Behavioral Biology

Behavioural biology examines the behaviour of humans and animals and investigates which behaviour is innate and which skills are learned in the course of life. An overview of our research.

Fireworks have long-lasting impact on birds

A study GPS tracked geese before and after New Year’s Eve, revealing changes in behaviour that persisted well after the fireworks ended more

bonobo and young, Christian Ziegler

First-of-its-kind study identifies physiological changes in the transition to siblinghood more

Chimpanzee stone tool diversity

New analysis of chimpanzee stone tools show diverse material culture more

Battle of the bins

In Australia, cockatoos and humans are in an arms race over garbage access more

Post from Cape Verde

Researcher Eduardo Sampaio of the Max Planck Institute of Animal Behavior in Constance sailed around the Cape Verde coast aboard the Captain Darwin. He talks about a diverse but endangered underwater world, the mating behavior of octopuses, and how it is also possible to play a game of cat and mouse with fish. more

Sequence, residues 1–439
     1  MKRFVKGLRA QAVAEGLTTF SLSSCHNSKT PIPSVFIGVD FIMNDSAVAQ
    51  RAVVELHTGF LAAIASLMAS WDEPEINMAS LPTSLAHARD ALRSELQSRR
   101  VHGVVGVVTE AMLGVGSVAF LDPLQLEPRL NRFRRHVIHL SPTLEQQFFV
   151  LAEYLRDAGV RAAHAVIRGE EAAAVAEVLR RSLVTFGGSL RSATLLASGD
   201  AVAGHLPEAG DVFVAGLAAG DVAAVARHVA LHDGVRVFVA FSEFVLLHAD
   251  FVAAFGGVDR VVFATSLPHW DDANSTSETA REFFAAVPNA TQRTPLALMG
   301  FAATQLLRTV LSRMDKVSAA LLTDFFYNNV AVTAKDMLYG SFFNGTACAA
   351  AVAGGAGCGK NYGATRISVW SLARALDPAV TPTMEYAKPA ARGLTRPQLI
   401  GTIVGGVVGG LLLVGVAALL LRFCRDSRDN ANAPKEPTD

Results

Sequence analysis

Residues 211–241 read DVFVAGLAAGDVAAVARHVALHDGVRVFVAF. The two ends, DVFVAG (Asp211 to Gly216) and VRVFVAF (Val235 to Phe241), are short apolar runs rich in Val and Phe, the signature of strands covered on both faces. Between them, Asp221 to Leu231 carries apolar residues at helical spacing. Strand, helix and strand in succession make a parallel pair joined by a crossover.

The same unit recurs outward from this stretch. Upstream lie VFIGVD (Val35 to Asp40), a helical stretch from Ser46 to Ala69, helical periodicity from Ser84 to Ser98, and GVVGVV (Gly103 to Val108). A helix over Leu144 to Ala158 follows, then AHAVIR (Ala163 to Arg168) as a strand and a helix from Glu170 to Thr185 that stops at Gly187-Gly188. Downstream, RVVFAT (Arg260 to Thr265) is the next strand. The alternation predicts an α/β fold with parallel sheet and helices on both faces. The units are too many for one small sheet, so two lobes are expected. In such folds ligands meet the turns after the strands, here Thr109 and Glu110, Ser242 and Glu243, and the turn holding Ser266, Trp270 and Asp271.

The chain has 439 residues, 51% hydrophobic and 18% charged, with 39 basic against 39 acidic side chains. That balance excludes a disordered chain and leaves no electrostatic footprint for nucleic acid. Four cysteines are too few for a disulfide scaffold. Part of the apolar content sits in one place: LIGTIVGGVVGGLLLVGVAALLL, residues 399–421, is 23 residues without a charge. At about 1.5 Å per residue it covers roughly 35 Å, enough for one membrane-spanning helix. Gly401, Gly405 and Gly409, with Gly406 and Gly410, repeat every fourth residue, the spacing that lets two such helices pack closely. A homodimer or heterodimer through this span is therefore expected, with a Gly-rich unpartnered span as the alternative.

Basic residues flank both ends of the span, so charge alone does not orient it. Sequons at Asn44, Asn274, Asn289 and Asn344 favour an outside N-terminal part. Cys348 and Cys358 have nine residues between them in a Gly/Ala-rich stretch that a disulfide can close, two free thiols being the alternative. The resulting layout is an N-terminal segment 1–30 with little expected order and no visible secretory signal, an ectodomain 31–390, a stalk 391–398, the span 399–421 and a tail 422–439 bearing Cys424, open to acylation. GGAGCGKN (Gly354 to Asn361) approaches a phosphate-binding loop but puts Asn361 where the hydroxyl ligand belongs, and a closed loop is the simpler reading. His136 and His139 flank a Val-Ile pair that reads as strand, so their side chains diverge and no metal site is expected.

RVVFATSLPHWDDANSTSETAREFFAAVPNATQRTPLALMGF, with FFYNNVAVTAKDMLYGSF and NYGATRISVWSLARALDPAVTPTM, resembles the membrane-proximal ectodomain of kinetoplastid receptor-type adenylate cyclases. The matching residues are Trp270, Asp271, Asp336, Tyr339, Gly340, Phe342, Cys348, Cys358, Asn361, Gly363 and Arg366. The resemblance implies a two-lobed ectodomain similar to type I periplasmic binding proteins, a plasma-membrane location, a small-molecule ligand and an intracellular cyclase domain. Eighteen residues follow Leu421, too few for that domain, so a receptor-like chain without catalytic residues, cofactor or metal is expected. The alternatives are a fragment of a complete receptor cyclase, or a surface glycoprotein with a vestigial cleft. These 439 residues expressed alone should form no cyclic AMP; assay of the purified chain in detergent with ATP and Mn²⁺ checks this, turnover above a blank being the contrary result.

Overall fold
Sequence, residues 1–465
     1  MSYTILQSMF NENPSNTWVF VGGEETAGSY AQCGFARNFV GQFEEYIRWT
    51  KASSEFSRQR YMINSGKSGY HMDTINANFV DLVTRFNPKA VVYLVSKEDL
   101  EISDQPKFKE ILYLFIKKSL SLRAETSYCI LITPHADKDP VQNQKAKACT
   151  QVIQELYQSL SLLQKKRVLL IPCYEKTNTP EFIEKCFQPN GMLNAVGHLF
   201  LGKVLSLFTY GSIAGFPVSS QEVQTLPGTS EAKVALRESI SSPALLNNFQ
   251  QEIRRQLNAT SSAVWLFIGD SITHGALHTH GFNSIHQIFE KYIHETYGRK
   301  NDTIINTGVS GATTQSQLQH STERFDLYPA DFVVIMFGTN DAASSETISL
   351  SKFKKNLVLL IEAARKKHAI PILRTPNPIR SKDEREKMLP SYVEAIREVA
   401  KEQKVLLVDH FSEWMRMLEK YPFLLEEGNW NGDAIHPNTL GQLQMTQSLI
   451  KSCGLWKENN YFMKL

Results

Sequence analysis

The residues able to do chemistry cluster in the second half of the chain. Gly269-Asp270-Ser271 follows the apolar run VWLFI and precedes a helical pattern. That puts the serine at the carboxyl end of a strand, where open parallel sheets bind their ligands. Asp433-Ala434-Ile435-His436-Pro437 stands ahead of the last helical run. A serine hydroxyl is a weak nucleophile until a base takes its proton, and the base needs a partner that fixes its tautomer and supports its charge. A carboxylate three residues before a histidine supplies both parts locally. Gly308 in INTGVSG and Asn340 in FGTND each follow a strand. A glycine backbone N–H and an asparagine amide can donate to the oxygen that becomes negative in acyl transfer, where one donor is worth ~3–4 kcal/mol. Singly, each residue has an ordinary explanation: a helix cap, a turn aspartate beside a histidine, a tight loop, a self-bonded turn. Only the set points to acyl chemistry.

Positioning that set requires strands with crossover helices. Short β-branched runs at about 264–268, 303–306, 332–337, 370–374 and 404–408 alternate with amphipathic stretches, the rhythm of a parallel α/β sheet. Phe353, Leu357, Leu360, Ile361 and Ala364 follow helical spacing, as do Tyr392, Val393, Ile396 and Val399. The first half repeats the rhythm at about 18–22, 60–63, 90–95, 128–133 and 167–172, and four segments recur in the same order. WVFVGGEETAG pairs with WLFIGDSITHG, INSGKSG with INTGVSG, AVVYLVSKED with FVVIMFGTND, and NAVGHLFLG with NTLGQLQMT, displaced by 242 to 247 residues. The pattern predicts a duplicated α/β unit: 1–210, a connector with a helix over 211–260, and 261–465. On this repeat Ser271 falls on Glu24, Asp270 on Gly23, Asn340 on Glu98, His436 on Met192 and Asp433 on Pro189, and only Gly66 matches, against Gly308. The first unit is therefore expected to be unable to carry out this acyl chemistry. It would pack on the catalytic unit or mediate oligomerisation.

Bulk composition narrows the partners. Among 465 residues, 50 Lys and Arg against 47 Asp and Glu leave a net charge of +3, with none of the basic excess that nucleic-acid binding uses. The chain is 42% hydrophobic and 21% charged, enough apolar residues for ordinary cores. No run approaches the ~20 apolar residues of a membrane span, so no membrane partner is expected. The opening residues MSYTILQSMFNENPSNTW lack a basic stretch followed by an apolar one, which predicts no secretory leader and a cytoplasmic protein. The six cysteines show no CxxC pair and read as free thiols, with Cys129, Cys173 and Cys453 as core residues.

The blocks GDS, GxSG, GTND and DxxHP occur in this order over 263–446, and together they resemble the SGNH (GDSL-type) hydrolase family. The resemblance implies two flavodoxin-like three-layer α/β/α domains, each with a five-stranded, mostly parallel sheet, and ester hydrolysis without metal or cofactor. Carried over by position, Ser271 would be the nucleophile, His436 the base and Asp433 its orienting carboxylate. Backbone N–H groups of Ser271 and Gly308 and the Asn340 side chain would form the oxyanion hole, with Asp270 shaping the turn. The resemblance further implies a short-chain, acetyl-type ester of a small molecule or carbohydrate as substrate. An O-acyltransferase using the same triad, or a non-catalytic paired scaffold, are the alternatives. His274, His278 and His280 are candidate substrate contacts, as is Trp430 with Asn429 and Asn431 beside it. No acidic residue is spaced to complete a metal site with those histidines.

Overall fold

Hawkmoth migration

By flying with hawkmoths during migration, scientists reveal the insects employ sophisticated flight strategies similar to vertebrates more

Four brown-gray birds in flight, seen from the side against a dark background.

Zebra finches communicate via eye contact and calls to coordinate their spatial positions during flocking flight more

Chimpanzees can navigate virtual environments

In search of virtual fruit, chimpanzees used landscape features for better orientation more

Chimpanzees combine calls to form numerous vocal sequences

Evidence of structured vocal sequences in wild chimpanzee communication provides insights into human language evolution more

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Fireworks have long-lasting impact on birds

A study GPS tracked geese before and after New Year’s Eve, revealing changes in behaviour that persisted well after the fireworks ended more

bonobo and young, Christian Ziegler